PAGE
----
Halldale Group Editor Marty Kauchak interviewed Cameron Curtis, CMM, CAE, President & CEO of Association of Air Medical Services & Medevac Foundation International, and Deborah Boudreaux, AAMS Board Chair, Chair and Director of Teddy Bear Transport, Cook Children's Medical Center in Fort Worth, Texas.
CAT: Tell us how AAMS has been on the frontline in the fight against Covid-19.
Cameron Curtis (CC): When Covid-19 first hit, we all underestimated the impact of the pandemic. As an association, we have been conducting weekly virtual town hall webinars, for anyone who wants to join, with subject matter experts on topics from pilot safety to operational transport impact. The initial town halls covered front-line response: a lack of personal protective equipment (PPE) and other resources, how to keep pilots and crews safe, and evolving practices as we learned more about the virus. Although our members are trained to fly regardless of the situation, including infectious diseases – we haven’t seen anything on this scale.
CAT: Can you share any metrics on the number of missions and such your members have completed during the pandemic?
CC: We have seen a 40% drop in volume, due to the stay-at-home orders, as more people stay off the roads and away from activities that require emergency care. Hospitals are also showing a decrease in volume because people are afraid to go to these facilities – the emergency room, the doctor – when they are sick, for fear of Covid-19 exposure.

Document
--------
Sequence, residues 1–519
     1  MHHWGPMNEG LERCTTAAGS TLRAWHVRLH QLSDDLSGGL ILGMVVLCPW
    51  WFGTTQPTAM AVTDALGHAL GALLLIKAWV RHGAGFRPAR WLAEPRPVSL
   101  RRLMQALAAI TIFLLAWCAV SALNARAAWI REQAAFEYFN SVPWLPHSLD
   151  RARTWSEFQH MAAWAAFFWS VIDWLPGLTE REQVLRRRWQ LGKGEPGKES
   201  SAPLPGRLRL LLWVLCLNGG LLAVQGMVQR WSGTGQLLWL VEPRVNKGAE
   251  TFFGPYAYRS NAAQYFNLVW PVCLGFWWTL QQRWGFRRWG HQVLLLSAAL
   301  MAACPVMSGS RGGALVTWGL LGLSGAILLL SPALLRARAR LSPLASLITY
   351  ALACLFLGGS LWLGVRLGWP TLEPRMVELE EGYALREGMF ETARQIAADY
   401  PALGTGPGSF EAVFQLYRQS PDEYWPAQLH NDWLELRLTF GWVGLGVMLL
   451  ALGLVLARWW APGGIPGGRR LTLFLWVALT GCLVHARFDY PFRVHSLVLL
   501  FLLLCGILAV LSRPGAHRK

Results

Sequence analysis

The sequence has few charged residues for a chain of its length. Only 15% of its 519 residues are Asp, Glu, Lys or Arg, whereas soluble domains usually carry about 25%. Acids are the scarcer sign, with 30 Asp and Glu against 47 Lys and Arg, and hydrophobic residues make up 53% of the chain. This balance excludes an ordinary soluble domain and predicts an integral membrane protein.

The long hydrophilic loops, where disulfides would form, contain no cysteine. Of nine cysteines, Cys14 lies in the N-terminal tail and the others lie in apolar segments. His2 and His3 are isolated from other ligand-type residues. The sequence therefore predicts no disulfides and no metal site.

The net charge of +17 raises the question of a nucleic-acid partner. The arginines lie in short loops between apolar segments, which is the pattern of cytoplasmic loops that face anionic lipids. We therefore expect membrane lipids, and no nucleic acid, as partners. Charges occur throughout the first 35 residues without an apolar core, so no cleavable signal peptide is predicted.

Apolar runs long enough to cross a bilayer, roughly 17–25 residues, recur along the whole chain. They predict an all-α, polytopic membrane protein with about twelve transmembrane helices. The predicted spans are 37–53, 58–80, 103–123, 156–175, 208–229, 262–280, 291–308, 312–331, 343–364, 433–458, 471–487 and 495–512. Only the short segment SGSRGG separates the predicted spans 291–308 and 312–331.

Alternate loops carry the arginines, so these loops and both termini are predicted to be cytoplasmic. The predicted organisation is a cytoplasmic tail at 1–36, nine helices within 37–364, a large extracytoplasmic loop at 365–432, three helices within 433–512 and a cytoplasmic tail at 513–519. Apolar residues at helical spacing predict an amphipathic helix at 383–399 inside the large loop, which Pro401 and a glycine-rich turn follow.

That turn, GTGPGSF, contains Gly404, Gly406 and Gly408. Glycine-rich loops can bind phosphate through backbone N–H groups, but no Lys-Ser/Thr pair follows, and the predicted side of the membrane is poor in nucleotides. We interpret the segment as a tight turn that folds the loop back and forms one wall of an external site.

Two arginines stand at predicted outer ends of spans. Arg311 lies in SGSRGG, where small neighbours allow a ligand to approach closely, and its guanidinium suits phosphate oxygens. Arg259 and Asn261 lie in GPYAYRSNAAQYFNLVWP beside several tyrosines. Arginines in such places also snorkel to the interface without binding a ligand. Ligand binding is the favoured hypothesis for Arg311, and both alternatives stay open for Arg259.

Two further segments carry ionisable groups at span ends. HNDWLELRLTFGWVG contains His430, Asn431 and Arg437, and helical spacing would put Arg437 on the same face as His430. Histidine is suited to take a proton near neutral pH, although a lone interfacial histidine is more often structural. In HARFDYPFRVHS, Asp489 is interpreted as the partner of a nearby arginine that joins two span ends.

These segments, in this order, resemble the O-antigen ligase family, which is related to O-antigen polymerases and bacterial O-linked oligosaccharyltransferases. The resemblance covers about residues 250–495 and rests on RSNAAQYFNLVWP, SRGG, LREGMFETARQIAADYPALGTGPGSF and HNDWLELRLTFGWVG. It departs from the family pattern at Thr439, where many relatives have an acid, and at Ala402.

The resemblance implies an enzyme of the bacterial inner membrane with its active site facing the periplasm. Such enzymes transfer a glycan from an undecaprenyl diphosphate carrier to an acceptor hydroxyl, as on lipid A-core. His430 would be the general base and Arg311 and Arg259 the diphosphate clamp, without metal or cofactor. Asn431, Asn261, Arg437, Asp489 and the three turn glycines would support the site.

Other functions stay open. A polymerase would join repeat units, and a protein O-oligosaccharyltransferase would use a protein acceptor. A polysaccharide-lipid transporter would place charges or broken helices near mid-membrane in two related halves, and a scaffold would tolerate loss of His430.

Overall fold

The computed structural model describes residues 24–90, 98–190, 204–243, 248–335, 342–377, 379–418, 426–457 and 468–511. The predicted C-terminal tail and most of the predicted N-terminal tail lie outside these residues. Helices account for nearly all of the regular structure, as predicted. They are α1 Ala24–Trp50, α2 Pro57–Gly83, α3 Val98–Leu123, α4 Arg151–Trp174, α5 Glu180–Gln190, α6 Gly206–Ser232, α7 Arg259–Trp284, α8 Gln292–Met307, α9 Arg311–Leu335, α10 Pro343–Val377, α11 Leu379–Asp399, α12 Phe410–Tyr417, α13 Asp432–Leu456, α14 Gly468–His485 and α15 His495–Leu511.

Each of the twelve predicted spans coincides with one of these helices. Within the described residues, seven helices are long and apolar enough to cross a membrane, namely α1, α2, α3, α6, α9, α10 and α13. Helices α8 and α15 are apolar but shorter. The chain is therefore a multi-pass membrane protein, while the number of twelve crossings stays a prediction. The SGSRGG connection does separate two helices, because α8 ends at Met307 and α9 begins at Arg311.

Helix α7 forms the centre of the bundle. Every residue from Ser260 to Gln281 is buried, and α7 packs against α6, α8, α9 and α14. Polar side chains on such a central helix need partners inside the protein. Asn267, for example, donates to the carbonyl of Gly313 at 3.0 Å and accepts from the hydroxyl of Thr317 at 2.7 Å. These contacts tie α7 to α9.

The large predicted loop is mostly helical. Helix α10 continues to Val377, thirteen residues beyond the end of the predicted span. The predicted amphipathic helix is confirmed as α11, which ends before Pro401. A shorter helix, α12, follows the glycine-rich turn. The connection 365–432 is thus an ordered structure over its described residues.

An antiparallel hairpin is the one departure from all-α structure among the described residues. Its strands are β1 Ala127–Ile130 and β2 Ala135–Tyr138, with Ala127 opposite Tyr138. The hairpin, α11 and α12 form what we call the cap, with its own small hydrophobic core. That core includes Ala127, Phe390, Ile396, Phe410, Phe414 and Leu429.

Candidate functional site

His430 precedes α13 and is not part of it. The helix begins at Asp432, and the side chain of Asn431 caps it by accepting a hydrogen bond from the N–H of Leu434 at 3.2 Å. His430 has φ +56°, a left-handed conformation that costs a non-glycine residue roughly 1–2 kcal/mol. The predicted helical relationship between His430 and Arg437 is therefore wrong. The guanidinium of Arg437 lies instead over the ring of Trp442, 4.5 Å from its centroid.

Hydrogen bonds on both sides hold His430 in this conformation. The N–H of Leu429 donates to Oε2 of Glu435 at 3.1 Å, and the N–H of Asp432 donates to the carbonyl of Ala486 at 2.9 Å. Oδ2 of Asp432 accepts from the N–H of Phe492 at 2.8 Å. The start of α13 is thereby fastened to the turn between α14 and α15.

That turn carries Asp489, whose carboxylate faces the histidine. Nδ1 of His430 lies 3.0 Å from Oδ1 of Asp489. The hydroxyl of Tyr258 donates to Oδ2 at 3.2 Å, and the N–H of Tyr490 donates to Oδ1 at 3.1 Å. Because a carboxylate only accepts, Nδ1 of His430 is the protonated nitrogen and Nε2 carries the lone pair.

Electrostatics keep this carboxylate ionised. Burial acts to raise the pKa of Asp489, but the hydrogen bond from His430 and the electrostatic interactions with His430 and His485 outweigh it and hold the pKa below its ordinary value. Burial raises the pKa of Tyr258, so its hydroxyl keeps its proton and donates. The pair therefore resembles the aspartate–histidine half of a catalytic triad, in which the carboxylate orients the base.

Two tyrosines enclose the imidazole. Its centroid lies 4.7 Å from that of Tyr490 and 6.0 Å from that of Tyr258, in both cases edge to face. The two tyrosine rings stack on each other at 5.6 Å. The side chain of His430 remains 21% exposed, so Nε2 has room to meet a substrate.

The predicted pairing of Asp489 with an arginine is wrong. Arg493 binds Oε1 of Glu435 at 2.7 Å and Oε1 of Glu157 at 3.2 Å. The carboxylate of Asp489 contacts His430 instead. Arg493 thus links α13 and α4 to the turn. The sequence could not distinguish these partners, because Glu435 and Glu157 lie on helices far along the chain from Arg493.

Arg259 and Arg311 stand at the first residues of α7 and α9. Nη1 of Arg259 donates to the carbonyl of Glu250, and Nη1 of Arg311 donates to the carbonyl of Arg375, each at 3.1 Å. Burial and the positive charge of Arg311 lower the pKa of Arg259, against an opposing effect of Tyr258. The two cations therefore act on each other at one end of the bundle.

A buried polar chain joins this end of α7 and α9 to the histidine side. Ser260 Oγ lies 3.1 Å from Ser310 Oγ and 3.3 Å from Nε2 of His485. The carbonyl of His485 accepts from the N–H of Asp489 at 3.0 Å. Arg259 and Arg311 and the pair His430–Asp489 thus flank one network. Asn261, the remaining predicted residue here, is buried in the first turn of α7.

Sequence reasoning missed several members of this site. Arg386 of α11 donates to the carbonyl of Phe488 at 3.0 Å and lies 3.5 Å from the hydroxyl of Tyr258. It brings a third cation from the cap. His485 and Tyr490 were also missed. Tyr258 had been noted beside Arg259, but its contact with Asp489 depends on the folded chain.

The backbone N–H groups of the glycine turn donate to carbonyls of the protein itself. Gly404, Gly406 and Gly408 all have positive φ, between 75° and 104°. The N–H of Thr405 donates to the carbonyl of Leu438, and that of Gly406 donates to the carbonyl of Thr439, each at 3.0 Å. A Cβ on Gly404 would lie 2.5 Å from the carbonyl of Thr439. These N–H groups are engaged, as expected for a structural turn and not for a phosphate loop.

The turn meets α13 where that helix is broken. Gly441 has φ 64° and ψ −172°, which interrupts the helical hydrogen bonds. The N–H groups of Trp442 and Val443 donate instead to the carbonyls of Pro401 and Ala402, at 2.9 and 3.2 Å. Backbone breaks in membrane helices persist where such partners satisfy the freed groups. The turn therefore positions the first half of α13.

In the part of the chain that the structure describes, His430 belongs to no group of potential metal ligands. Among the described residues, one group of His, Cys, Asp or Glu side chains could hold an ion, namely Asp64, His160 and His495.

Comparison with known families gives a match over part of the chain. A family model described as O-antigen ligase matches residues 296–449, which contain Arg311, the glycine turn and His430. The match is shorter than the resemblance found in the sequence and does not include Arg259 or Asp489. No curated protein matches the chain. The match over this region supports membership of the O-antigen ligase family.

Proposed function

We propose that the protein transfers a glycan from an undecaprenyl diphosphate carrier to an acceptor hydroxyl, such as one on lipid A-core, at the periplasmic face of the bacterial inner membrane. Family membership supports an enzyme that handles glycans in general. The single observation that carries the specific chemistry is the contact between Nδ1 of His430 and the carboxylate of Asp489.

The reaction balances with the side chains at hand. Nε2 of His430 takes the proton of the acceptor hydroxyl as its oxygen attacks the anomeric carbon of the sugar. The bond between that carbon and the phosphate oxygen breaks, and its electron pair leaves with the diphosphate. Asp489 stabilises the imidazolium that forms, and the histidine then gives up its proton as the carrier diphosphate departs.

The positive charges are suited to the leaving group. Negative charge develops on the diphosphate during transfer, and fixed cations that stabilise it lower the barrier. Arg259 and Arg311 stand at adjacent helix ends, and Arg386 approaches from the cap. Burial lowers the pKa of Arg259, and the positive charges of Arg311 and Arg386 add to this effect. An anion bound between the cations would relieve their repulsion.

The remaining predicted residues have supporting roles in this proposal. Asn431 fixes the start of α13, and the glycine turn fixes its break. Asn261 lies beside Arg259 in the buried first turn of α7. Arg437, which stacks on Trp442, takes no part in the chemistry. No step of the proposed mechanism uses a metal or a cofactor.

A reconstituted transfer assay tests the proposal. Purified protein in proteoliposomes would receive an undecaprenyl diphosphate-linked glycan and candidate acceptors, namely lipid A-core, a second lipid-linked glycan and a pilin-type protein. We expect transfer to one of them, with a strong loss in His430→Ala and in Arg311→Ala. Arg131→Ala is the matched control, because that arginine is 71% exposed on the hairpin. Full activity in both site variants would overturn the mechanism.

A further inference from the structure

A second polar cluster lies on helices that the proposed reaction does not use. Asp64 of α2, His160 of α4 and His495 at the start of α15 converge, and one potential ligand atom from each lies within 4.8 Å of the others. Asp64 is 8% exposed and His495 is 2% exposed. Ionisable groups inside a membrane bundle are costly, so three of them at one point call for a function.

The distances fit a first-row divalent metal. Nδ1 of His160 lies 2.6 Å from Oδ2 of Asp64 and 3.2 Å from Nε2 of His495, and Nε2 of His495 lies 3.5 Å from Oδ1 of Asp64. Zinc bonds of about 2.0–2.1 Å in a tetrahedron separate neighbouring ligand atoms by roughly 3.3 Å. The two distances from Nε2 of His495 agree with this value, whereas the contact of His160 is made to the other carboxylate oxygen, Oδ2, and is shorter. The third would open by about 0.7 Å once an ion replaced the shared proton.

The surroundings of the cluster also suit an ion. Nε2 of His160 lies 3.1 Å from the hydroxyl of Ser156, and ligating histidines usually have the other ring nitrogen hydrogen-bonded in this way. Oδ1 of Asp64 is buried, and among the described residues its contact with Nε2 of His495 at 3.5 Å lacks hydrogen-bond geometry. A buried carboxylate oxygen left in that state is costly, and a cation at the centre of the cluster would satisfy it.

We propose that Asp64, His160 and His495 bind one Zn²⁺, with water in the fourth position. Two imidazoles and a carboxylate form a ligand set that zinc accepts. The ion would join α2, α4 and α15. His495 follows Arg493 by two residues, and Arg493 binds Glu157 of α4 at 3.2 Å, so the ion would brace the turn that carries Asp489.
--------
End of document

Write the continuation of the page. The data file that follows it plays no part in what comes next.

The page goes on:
CAT: That 40% drop is a bit of a surprise. I thought perhaps the number of C-19 related missions would have increased your total flight numbers.
Deborah Boudreaux (DB): If you look at a hospital-based program, and specifically, in a pediatric facility, we have a seen a drastic drop in emergency room patients. Before the pandemic, typical ER admittance was 350 children a day – now we’re seeing on average 120 a day. Hospitals have prepared for this. We are trained to care for the sickest patients every day and prepare for situations like Covid-19 in simulation labs and annual competencies. We have the appropriate PPE and know how to use it. There was a global PPE shortage in the beginning, but we are now well prepared to care for all patients.
CAT: Beyond the hospital teams just mentioned, air medical providers are also trained to respond to major events.
CC: Yes, air medical crews have been trained to treat people with respiratory disorders and other emergencies.
CAT: From the perspective of the air crews, were this community’s previous exercises and other training events and instruction adequate to meet the challenges of C-19?
CC: In most cases, our medical crews are trained to remain calm and provide the critical care required based on the situation. They are trained to avoid touching their face and wear the appropriate protective gear. Where we have seen some additional training is with the pilot community. They are in the front of the aircraft and aren’t medical professionals – what is second nature for the medical crew may not be for the pilots. In this case, the pilots are receiving additional training on PPE use and maintaining appropriate distance from a patient. This has been a team effort of the crews helping the pilots. Their primary goal is to keep the crew and the patient safe.